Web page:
NAFTA

manufacturer worker checking engineering file on a laptop

The issue

President Trump has been a longtime critic of the North American Free Trade Agreement, a landmark pact that has boosted trade between the United States, Canada and Mexico for a quarter-century. Shortly after taking office in 2017, he launched renegotiation of the agreement. After a year of talks with Canada and Mexico, Trump told Congress in August 2018 that he planned to sign an agreement reached with Mexico alone but that Canada might still be added. NRF said coming to terms with Mexico was “encouraging” but called Canada “an essential trading partner” and said all three countries must be included to preserve the agreement’s benefits to U.S. businesses, workers and consumers.

At the end of September 2018, the administration announced that the new pact had been expanded to include Canada and would be called the United States-Mexico-Canada Agreement rather than NAFTA. The new agreement was signed in November, and NRF said it “takes many important steps toward giving us a modern trade agreement.” The agreement is subject to approval by Congress, but both Democrats and Republicans have voiced objections to various provisions. The administration is pushing for consideration this spring and is hoping for a vote by June. Trump has repeatedly threatened to withdraw from NAFTA in order to put pressure on lawmakers, but NRF has said doing so without a replacement in place “is simply not an option.”

Why it matters to retailers

Like other trade agreements that have reduced barriers to international trade, NAFTA helps retailers provide American families with the products they need at prices they can afford. A study conducted for NRF and other trade associations found that withdrawing from NAFTA without a replacement would cost consumers $5.3 billion in higher prices because of tariffs that would be imposed on goods from Mexico and Canada. Retailers would see a $10.5 billion hit to their bottom lines, and 128,000 retail-related jobs could be lost over three years.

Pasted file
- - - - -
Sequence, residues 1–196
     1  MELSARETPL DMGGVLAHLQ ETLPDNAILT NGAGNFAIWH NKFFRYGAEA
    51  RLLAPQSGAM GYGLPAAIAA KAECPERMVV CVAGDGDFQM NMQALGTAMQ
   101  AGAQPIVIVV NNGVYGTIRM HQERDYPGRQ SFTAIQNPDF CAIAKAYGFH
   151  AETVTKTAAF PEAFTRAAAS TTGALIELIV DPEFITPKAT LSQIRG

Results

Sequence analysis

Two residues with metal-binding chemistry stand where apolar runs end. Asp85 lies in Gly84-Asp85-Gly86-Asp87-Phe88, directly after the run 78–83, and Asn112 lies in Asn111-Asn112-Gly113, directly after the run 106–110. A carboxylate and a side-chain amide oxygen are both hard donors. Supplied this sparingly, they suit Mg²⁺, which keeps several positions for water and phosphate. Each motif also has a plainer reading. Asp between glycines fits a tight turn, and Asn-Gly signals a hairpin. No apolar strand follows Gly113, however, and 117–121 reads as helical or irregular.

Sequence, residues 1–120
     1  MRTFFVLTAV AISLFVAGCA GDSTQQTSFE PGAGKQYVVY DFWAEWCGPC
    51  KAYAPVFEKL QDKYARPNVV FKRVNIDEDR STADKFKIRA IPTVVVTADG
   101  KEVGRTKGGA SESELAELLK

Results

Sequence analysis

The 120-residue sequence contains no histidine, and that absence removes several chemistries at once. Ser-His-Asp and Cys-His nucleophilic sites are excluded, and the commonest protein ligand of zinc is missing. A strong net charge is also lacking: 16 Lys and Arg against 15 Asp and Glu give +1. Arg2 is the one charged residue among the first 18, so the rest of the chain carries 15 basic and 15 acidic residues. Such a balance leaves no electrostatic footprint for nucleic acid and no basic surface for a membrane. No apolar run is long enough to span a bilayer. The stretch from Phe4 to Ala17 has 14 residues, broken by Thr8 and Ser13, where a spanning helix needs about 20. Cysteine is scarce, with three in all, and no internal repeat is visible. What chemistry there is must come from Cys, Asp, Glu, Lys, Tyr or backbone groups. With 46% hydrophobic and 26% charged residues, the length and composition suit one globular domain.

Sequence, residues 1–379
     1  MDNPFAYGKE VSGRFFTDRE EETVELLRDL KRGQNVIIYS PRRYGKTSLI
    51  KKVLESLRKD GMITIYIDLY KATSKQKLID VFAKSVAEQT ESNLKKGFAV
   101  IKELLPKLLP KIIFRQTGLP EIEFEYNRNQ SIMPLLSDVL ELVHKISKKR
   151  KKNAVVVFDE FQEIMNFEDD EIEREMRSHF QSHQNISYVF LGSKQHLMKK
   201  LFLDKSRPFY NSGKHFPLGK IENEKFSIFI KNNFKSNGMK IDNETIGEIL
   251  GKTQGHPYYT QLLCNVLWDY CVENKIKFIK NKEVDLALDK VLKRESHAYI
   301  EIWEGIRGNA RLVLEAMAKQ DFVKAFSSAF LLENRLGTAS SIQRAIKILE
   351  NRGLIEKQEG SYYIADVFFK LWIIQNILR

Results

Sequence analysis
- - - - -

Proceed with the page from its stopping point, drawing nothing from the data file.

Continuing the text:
NRF advocates for a ‘do no harm’ approach to NAFTA

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NRF has worked to ensure that NAFTA modernization efforts do not harm the underlying agreement. NRF agrees that a number of NAFTA’s provisions need to be updated to reflect today’s business environment, including issues such as digital trade, for example. But NRF told the Office of the U.S. Trade Representative that the priority in negotiations should be to “do no harm” to the existing pact.

NRF has said threats by the White House to withdraw from NAFTA or include a sunset provision “should be a non-starter.” Restrictive new rules of origin, new trade remedies and the elimination of investor protections would significantly weaken the agreement and should be rejected. In an op-ed, NRF President and CEO Matthew Shay said an end to NAFTA would cost the United States jobs and harm the economy while resulting in higher prices for consumers and reduced availability of products ranging from apparel and electronics to fresh fruits and vegetables.

NRF has helped lead lobbying visits to Capitol Hill to reinforce the message that the business community supports NAFTA modernization but opposes withdrawal without a replacement. NRF wants Congress to assert its oversight authority to ensure that the new agreement improves on NAFTA rather than weakening it.

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